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A Bi-lingual Breakdown of Caravan for Peace Slogans

28th August, 2012 - Posted by Admin - 3 Comments

Global Exchange Caravan for Peace interns Chelsea (left) and Louise (right) at a rest stop along the Caravan route

The following is a post by GX/Caravan intern Chelsea Brown, who is traveling with the Caravan for Peace with Justice and Dignity. Global Exchange Executive Director Carleen Pickard who traveled last week on the Caravan, describes Chelsea as the “calmest force behind the Caravan for Peace scenes.”

As the Caravan for Peace rolls along its ambitious route of 25 American cities in 30 days, we have been participating in marches, rallies, protests, and vigils to raise public awareness about the immense number of lives lost to the drug war in Mexico and in the U.S. We seek to not only be seen, but to be heard: to raise our voices in unison so civil society and policy makers from coast to coast will know our demands.

Caravan chanter in Laredo TX. Photo Credit: Global Exchange

Here is a bi-lingual breakdown of our most common shouts so you can jump right in if the Caravan comes to a town near you, followed by a video of chants in action:

Some gritos (yells) the Caravan participants use originated with the initial mass mobilizations in Mexico of the Movimiento por la Paz (Movement for Peace), where bereaved families and civil society activists began to demand government accountability for the atrocities resulting from drug war policies.

Caravan for Peace chanters

Today members of the Movimiento continue to voice their outrage about the Mexican government’s failure to provide assistance in the search for the disappeared, chanting: “Vivos los llevaron! ! Vivos los queremos!” (Alive, they took them. Alive, we want them!) This grito corresponds with the posters that the family members of the victims hold with them, showing the faces of their sons, daughters, husbands, wives, brothers, and sisters that were kidnapped or forcibly disappeared, with no trace of their whereabouts.

Javier Sicilia and fellow Caravaneros chanting

Another popular chant is “Que queremos? Justicia! Cuando? Ahora!” (“What do we want? Justice! When? Now!”)  This refers to facts like only 2% of the crimes in Mexico are investigated and solved. This statistic is even more shocking given what Javier Sicilia frequently describes during speeches as the 72,000 murders connected to the drug war that have occurred during President Calderon’s term in office.

While the Caravan was in the Southwest, we were either close to or actually touching the border between the U.S. and Mexico. Many Caravan allied organizations in this region focus on immigration reform and holding the government accountable for the human rights abuses perpetrated against migrants. So some common gritos have been borrowed from those commonly used in the immigration reform movement, including “ningun ser human es illegal!” (no human is illegal!)  and the classic “el pueblo unido jamas sera vencido!”  (the people, united, will never be defeated).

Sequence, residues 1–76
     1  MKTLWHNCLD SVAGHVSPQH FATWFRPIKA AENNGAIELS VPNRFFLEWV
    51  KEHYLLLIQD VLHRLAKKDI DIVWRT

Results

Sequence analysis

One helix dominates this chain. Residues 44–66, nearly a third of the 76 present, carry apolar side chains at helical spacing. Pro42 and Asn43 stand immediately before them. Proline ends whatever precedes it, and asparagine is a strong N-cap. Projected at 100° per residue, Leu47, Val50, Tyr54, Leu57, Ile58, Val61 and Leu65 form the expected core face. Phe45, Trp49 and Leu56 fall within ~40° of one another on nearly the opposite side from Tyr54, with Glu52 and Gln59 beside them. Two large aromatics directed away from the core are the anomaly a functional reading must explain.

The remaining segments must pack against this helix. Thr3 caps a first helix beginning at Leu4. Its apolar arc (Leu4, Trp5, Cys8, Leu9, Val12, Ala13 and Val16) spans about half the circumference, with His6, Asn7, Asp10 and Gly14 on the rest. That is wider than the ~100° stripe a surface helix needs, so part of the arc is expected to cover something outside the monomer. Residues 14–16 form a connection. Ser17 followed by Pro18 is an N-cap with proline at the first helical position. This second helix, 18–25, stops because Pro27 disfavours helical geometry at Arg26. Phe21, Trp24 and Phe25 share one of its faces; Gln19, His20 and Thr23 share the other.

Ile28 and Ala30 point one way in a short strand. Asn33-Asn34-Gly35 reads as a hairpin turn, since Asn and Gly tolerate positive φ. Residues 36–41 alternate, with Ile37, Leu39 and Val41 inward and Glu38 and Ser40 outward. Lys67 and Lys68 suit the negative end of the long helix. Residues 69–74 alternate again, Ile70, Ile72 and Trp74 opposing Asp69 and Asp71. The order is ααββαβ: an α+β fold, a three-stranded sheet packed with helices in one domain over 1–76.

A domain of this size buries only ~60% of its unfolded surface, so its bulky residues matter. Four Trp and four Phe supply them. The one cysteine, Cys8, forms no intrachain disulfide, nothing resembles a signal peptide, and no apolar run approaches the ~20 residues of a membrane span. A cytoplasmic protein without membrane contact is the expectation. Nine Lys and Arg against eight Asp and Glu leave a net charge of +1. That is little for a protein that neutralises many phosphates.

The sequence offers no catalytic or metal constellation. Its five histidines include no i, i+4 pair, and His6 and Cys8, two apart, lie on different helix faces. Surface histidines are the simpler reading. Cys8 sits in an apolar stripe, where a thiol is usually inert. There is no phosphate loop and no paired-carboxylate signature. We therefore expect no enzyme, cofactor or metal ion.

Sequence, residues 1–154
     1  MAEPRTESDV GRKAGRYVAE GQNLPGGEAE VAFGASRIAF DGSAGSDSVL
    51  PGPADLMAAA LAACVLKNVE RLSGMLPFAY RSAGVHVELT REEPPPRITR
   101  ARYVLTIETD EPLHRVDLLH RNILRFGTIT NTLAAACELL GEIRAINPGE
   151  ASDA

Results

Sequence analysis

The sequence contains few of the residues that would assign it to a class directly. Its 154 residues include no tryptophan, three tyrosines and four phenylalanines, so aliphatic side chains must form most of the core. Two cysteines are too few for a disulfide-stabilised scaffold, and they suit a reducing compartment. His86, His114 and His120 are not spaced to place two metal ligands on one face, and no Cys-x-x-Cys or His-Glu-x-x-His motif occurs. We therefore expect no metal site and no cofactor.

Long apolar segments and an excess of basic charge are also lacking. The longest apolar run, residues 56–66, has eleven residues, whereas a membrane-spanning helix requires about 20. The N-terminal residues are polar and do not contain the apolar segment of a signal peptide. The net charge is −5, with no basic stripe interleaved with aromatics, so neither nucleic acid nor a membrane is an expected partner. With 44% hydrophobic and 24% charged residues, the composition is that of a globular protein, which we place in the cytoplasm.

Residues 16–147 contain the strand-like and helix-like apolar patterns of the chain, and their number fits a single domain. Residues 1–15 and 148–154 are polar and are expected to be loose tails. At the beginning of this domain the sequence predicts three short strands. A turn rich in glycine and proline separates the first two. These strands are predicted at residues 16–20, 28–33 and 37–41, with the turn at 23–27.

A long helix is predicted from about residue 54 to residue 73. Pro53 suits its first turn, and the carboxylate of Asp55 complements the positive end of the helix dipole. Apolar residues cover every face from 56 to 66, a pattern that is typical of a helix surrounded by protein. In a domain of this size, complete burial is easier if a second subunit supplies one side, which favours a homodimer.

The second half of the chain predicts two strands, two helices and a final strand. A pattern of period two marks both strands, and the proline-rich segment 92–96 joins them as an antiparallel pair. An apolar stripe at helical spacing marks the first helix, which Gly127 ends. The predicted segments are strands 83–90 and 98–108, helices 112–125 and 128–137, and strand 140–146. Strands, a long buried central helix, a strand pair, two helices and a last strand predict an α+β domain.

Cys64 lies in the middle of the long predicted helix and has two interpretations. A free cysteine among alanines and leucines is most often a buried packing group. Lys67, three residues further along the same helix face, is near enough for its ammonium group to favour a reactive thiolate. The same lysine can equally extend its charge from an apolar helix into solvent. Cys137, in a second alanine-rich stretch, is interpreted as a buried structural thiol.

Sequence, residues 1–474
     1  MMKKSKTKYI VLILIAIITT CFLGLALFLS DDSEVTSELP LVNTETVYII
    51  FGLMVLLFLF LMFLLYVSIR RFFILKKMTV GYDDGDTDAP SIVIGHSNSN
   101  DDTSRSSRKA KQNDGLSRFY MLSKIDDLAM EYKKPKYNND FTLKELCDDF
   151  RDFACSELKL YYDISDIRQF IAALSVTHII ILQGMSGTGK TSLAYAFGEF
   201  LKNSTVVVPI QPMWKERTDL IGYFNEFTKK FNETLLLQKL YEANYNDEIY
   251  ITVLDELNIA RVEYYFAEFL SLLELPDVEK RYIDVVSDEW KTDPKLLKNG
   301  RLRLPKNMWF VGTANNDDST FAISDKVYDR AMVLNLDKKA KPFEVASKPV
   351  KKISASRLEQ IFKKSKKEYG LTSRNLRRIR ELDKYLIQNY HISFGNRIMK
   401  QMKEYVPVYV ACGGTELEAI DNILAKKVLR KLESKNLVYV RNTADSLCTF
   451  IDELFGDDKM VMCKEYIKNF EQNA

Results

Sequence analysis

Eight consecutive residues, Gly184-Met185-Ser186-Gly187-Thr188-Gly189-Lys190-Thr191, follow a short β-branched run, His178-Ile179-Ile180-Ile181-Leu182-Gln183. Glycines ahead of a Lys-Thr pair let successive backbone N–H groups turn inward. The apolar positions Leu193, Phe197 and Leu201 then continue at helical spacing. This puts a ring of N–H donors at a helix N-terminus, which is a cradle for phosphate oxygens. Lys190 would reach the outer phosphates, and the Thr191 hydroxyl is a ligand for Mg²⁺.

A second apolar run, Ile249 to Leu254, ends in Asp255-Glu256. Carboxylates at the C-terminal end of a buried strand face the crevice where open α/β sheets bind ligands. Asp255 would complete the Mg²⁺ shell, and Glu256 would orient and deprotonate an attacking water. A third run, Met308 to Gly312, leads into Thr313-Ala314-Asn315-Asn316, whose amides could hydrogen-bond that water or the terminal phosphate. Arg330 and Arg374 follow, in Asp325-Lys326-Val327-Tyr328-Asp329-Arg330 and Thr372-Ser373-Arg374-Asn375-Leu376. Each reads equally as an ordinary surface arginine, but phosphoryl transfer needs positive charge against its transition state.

Chanters on both sides of the Rio Grande chanting back and forth.

Another gritos session took place across a river, the Rio Grande, to be specific. At sunset on August 22nd, after a 10 hour journey from El Paso, the Caravan went directly to the bridge that spans the river dividing Laredo, TX from Nuevo Laredo, Mexico. Mexican civil society groups gathered on the Mexico side, while across the narrow river we bellowed gritos of solidarity and of hope, including “Obama, eschucha, estamos en la lucha!” (Obama, listen, we are in the fight!)

Caravan participants at the Vigil for Peace in Brownsville, TX

A few nights later, we stood at the metal fence in Brownsville, Texas, the tip of the state where the border dips into the Gulf of Mexico. Into the darkness on the other side, members of the Caravan and local families yelled the names of loved ones lost to drug war-related violence: an endless roll call of pre-maturely dead. The entire crowd would respond with a shiver-inducing cry in unison “PRESENTE!” (PRESENT!)

The Caravan is traveling across the U.S. demanding peace with justice and dignity and an end to the senseless drug wars rending families and communities across the continent. We are present, we are united, and we will not be defeated.

Join us as we continue our gritos along the Caravan route. Below are ways you can take action in support of the Caravan for Peace, but first, here’s that video of chants in action that I promised you:

TAKE ACTION!

Follow the Caravan on…

CARAVAN PHOTOS

Check out Caravan photos from the road…

Flickr: http://www.flickr.com/photos/globalexchange
Facebook: Southern California photosSouth-West photos. Texas photos.

LEND YOUR SUPPORT: Donations are still needed, now more than ever, to help fund this important trip. Will you give?

3 Responses to “A Bi-lingual Breakdown of Caravan for Peace Slogans”

  • Shannon Biggs shannon

    Nicely done Chelsea, great to get an on the ground feel for the rallies and rigors of 25 cities in 30 days for peace and justice.

  • Marco LunaMan

    Greeted the Caravan for Peace in Los Angels and met Chelsea and others participant. I admire and thanked All the people who took part in the Caravan for Peace.

    • Hey Marco!

      We thank YOU and all the community organizers in Los Angeles that put together such a great program of events there and for welcoming the Caravana with open arms.

      I am so happy that you continue to promote the work of the Caravan. We are in this together and we need to continue to bring this issue forward in order to make a positive change.

      Peace,
      Zarah

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